The General Synod of the Church of England is going to debate whether the C of E bishops should report to the Synod on “their understanding of the uniqueness of Christ in multi-faith Britain” and give examples of how the Gospel should be shared.  In other words, the issue is whether the church should try to convert non-believers in any religion and remarkably more controversially, adherents to non-Christian religions.

A lay member of the Synod put a motion forward for July’s meeting of the Synod, but it was not heard. It appears enough pressure was brought to have it put on the February agenda. Of course it could always be shelved at the last minute again.

In the Church of England they like to avoid controversial things like sharing the Gospel.  In February the Synod meeting will also debate whether clergy should be banned from being members of the British National Party. This is probably because there were C of E clergymen on the BNP membership list that was stolen and published on the Internet.

There will be a presentation on “the implications of the financial crisis and recession”. The Church is worried that the economic downturn could damage the its billion-pound investment in the stock market as well as takings in the collection plate.

This is all much easier to deal with than the claims of the Gospel. After all, if you go around saying Jesus is the only way to God, then you are likely to offend the Muslim community. If you dare to state the obvious that this means you should attempt to convert Muslims, then you stand in direct confrontation with the stated Muslim aims of convert Britain to Islam, and the C of E doesn’t like confrontation.

As the Rt Rev Stephen Lowe, the newly appointed Bishop of Urban Life and Faith (wherever that diocese is) said earlier this year, “Christians, Jews, Muslims, Hindus and Sikhs are learning to respect one another’s paths to God and to live in harmony. This demand for the evangelisation of people of other faiths contributes nothing to our communities.”

At the same time, a church spokesperson explained, “We have a mission-focused Christian presence in every community, including those where there are a large number of Muslims. That engagement is based on the provisions of Article 9 of the European Convention on Human Rights, which provides for freedom of thought, conscience and religion.” That’s right, the C of E’s engagement with missions is based on the ECHR, not the Bible or the Tradition of the Church.

A Film I’m Destined to See

I don’t know how this one slipped under my radar, but a book I read a number of years ago has been made into a film. Stone of Destiny is current showing in Scotland and will be released across England on Friday.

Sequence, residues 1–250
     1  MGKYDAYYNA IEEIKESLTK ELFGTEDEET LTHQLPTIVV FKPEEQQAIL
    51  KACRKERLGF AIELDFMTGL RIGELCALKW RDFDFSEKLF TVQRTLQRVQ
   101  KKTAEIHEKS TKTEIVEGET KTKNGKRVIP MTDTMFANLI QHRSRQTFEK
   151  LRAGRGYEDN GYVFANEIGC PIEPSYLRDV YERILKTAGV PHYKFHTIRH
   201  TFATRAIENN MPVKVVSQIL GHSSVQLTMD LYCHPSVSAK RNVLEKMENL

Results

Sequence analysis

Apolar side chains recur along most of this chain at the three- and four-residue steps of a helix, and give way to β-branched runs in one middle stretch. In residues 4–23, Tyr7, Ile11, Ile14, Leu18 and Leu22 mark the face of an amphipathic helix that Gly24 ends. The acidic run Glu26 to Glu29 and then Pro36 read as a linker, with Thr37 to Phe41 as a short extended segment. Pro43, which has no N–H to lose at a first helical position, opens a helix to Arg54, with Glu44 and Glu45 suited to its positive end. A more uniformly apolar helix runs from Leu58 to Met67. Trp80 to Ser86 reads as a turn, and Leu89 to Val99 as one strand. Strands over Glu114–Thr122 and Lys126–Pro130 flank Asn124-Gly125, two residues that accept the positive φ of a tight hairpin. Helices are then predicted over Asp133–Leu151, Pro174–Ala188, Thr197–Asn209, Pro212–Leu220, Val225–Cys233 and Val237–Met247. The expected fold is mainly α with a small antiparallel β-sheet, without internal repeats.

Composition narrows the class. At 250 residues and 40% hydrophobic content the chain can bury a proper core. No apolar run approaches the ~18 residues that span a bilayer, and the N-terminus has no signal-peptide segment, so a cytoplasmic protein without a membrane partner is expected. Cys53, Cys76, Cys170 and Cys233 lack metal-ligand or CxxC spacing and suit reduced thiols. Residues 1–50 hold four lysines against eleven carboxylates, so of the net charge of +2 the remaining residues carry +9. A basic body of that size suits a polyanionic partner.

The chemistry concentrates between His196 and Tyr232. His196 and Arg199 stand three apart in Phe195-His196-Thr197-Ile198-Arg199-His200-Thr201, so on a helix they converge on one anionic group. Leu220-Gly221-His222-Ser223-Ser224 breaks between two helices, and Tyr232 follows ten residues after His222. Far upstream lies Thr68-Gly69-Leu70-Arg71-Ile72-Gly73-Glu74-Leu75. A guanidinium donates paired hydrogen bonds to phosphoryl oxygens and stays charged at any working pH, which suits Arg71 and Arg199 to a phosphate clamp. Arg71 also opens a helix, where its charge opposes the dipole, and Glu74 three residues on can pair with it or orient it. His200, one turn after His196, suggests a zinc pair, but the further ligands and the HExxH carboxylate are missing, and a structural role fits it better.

It is the true story of the Scottish students who stole – or perhaps re-appropriated – the Stone of Scone from Westminster Abbey on Christmas Eve, 1950. The Stone had been used for the coronation of every Scottish monarch  since at least Kenneth MacAlpin in the mid ninth century (it may have been used as early as 574 when Aedan was anointed and crowned King of Dalriada by St Columba) until it was stolen by Edward I in 1296. It had been fixed under the St Edward’s Chair (the coronation throne) since that time.

This incident prompted the only ever closing of the border between Scotland and England, as police searched for the 336 lb rock. The cops were unsuccessful and the Stone was only recovered in April 1951 after the students chose to leave it at Arbroath Abbey.

I’ve seen the Stone three times, twice in Westminster Abbey and once in Edinburgh Castle, where it sits since it was sent back to Scotland by the last Conservative Government in 1996. It stays there with the understanding that it will be returned to London for future coronations.

The film has received a number of favourable reviews. I doubt that I will get a chance to see it before we leave for Christmas. I hope it is still in cinemas when we get back. It is not often that I specifically want to see something on the big screen, but this is one of those times.

UPDATE: There is a good article in the Daily Telegraph about Ian Hamilton, QC, who was the ringleader of the students. It was his book that inspired the film.

False Alarm – Potato Record Safe

Some of you may have missed this, but there was quite a kerfuffle in potato growing circles when Lebanese farmer Khalil Semhat claimed to have unearthed the world’s largest spud. It weighed in at just an ounce shy of 25 lbs!

Mr Semhat called in the good folks at the Guinness Book. They were obviously quite interested because a 25 lb tater would be over three times the size of the existing record. Such a find would be almost too good to be true.

Turns out, Mr Semhat doesn’t know his Solanum tuberosum from his Ipomoea batatas. Yes, that’s right, Khalil grew a sweet potato, which despite it’s English name is only distantly related to the white potato. Now you may be thinking that’s a pretty big sweet potato, and I’d have to agree. However, it is nowhere near record size, that being 81lb 9oz.

The world record for a proper potato is still held by Kenny Sloane of Patrick, Isle of Man. It is reported in the Isle of Man news that upon hearing his 1994 record was safe, Mr Sloane was “pleased”. That’s about as exciting as it gets in the Isle of Man. This is the top Manx news story for today.